THE PLOT THUS FAR
In the far future, a highly sexual woman is tasked with finding and stopping the evil Durand-Durand. Along the way she encounters various unusual people.
WHAT WE THOUGHT
Jane Fonda used to be quite the sex symbol. I mean that if you take a look at “Cat Ballou”, “Barefoot in the Park” or “Barbarella”, you will be overcome by her beauty. But, like all things…beauty passes. Her ability to do quality flicks seems to have also passed, seeing as how she came out of retirement to do “Monster in Law”. This is the woman who kicked unholy ass in “Klute” and “Coming Home”, and she returns to do “Monster in Law”. It’s a waste. But, there are always the highlights of her glory days. And, this film is one of them.
After a brief sexual encounter with Mr. Hand, Barbarella is on her way. She soon meets Pygar (John Phillip Law), a blind angel who serves as her flying companion. Of course, they have sex before too long. The two end up going to SoGo, in order to rescue Durand Durand. It’s not long before they run into the evil Black Queen (Anita Pallenberg). What comes next is an orgasmic torture device and various other scenes of sexual debauchery. “Barbarella” is a one of those flicks that are influential to a select few. You can find its disciples in the numbers of Duran Duran, Terry Southern and Roman Coppola. Hell, Roman Coppola’s film “CQ” was practically an entire tribute to “Barbarella”. The sex, the science fiction and the freaky freedom make this film into its own bizarre experience. Sure, “Danger Diabolik” and “The Magic Christian” touch upon similar themes, but nothing beats the fun of this film.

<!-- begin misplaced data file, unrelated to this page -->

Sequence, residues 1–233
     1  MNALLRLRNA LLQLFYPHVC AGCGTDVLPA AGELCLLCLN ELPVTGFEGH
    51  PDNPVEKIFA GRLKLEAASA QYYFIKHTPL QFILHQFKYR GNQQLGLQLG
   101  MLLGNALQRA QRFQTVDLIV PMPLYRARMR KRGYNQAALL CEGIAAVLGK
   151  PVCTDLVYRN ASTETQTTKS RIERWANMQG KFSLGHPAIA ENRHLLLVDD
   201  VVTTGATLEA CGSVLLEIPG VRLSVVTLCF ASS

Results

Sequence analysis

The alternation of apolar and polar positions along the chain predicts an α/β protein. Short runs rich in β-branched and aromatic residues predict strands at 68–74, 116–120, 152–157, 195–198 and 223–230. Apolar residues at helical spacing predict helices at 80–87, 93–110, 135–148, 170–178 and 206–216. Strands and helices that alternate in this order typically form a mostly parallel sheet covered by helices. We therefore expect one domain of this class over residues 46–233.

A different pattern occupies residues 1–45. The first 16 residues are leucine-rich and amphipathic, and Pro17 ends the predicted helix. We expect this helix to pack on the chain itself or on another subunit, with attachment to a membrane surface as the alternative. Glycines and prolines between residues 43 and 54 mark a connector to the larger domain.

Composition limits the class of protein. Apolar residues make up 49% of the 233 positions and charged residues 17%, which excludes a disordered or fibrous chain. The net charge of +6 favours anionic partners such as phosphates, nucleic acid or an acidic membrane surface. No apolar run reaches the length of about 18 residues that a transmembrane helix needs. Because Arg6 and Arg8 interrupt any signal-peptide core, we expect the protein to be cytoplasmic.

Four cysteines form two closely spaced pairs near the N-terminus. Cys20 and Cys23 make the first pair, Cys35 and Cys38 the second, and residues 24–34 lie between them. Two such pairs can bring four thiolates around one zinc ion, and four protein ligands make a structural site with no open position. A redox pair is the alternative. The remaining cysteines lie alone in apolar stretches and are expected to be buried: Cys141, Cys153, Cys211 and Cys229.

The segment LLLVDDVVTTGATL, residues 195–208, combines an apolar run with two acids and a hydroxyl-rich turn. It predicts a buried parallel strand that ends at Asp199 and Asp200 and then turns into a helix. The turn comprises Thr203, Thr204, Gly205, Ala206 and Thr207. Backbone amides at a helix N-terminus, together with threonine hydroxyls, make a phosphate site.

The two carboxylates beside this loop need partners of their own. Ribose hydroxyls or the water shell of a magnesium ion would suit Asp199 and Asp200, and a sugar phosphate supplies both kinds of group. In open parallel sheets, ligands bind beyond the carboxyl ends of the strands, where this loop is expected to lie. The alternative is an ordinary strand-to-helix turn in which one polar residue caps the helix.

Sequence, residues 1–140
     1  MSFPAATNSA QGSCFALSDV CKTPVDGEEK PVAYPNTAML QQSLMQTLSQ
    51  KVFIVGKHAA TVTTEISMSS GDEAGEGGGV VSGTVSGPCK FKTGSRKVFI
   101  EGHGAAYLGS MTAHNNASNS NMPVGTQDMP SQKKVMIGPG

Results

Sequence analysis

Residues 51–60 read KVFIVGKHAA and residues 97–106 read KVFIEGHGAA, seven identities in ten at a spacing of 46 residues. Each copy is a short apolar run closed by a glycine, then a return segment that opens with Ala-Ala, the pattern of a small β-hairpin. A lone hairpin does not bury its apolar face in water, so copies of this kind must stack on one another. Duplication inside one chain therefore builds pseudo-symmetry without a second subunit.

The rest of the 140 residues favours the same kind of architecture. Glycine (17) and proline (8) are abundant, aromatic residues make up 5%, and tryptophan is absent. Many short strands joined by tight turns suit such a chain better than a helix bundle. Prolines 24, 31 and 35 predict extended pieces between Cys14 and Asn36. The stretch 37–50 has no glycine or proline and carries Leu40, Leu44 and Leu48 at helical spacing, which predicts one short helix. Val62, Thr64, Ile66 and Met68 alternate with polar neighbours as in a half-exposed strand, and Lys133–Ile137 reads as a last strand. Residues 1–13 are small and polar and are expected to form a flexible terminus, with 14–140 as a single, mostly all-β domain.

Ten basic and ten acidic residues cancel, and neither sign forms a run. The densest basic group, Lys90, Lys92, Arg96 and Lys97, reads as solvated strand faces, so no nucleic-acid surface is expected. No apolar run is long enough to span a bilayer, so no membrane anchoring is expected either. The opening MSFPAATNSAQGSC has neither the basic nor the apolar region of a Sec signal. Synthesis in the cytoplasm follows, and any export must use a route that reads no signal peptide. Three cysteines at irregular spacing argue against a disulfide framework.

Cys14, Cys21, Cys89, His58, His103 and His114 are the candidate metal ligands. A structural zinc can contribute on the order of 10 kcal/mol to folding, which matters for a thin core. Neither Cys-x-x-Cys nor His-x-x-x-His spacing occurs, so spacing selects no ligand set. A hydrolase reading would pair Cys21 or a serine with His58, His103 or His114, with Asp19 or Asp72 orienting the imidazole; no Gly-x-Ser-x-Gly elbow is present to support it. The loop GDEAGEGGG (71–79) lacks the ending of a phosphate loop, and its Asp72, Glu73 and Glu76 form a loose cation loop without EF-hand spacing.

Still, “Barbarella” holds a special place in my heart. It was one of my first introductions to international cinema. Sure, Paramount picked it up in the US and conveniently re-released it when “A New Hope” came out, but it’s still a very European film. When you watch it, you can see the influence of Italian cinema and the French new wave. It’s a film about freedom vs. American releases about talking apes and calculating computers that plot to ruin your space odyssey. Most importantly, it’s the Sci-Fi film that brought tits into the genre. Where would flicks such as “Species” and “Flesh Gordon” be without the ground broken by “Barbarella”? Nowhere, that’s where. It was revolutionary in its attempts to take a genre from Saturday matinee to full fledged Adult wonderland.
The Blu-Ray comes with a trailer as its sole special feature. The A/V Quality is flawless with a perfect 1080p transfer. However, I found that the Dolby TrueHD 5.1 track showed great depth and range for being an older flick. However, dialogue came across way too soft at times where I needed that extra oomph. In the end, I’d recommend a purchase to classic camp fans.
RELEASE DATE: 07/03/2012